All posts filed under: Agile

The Five Principles of Lean Management as the Basis of the Agile Manifesto

In order to understand agility from a historical perspective, it is important to go back to the principles of lean management. Agility in the sense of the Agile Manifesto from 2001 can thereby be seen as the application of the five principles of Lean to software development. The focus of agility is on the rapid delivery of customer value through working software. And the optimal flow for this comes from an interdisciplinary and self-organizing team that covers the complete value stream from the idea to operating the software.

Impact over Input

Successful agile organizations are strongly oriented towards a common mission despite the guiding principle of self-organization. Autonomy requires orientation, otherwise it leads to chaos. Of course, all other organizations also claim for themselves an appropriate vision and mission. Agile organizations, however, are more impact-driven. They focus more on outcomes and measure the impact that these outcomes make. Traditional organizations are more input-driven inasmuch they try to plan exactly which input in terms of resources is needed

Agility and Subsidiarity: Autonomous Decisions – Shared Responsibility

Agile organizations rely on the principle of subsidiarity. Decisions are always made as decentralized as possible. The next higher or next larger unit only takes action if the smaller unit is not able to solve the task alone. But even then, the objective is still to help people to help themselves. However, this only works if autonomy is given a common orientation towards a higher purpose. Constant work on and with this purpose as a guideline is thus one of the most important leadership tasks in an agile organization. And actively assuming responsibility in the sense of a common mission is the most important task of the decentralized units, by which their autonomy is legitimized.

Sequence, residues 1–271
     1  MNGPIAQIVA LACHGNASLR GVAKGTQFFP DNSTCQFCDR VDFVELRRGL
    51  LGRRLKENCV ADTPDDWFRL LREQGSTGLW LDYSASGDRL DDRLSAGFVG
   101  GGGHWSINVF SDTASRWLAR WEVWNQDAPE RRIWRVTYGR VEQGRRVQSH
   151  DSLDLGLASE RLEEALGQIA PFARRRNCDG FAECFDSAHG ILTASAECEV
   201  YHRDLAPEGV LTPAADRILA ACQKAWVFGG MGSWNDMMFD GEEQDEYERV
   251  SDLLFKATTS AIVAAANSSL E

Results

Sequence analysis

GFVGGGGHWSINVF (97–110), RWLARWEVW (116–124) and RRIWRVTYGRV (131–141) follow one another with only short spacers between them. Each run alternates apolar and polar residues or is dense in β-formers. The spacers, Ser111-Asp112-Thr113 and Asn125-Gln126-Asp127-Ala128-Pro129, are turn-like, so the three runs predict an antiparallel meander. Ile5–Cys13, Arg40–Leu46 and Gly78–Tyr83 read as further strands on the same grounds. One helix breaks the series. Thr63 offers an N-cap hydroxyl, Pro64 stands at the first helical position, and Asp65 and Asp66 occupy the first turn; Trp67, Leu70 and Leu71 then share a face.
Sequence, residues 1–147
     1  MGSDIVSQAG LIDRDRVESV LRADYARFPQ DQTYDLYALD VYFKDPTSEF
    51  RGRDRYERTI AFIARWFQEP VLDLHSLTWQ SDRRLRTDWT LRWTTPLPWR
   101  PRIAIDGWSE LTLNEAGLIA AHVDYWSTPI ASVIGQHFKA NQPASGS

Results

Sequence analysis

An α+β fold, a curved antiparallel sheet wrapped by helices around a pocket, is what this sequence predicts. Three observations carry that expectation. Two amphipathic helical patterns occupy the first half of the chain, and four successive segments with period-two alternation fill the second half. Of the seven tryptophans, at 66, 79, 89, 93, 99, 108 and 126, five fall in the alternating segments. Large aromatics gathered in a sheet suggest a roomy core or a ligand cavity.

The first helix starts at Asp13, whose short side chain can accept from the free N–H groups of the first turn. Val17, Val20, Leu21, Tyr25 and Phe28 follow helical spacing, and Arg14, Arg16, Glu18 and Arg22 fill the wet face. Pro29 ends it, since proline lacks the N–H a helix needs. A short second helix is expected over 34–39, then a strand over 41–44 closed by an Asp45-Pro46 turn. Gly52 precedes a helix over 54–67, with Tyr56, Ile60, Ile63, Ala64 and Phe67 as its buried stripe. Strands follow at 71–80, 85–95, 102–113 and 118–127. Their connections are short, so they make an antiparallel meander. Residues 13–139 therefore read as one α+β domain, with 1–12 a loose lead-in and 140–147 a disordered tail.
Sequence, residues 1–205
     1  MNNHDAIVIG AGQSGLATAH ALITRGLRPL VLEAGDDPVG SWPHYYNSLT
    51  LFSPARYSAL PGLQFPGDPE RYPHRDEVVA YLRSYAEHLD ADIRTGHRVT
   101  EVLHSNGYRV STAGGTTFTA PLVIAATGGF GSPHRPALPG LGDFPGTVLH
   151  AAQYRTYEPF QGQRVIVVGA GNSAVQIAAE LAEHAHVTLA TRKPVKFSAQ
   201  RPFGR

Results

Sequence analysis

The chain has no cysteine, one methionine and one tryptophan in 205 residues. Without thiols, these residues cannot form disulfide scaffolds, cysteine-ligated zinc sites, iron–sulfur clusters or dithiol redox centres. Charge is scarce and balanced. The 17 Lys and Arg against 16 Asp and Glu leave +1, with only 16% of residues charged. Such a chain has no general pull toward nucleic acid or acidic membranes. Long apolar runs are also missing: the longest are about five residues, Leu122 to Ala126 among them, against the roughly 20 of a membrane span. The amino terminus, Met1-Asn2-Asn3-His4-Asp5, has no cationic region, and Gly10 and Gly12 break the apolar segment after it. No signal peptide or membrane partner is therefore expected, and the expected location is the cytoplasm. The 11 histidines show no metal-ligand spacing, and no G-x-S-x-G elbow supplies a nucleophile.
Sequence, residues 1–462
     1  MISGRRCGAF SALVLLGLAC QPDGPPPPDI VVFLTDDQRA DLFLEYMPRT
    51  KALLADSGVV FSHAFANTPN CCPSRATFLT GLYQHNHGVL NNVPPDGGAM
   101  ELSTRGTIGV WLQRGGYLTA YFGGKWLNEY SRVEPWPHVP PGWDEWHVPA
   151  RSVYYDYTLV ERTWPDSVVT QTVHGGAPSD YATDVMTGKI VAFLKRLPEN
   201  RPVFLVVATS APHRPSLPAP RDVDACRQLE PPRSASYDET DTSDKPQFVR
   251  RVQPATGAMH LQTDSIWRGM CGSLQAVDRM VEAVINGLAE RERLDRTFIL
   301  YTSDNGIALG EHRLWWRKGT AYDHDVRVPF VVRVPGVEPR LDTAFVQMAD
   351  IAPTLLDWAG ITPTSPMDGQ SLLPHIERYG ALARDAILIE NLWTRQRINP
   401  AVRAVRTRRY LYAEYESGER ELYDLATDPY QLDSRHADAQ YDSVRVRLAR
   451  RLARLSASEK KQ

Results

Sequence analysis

Modern Court Jesters

Originally, court jesters were not entertainers or jokers, but serious characters. They had an important task and were an integral part of the court. Their foolishness, however, relieved them of the social norms and allowed them to express grievances and (religious) misconduct in a more or less subtle and humorous way, thus inspiring the authorities to reflect and rethink. Because of this “fool’s freedom” they were a social institution of permissible criticism. The separation of powers in agile organizations means in the last consequence also a renaissance of this venerable social institution of the court jester in person of the Scrum Master.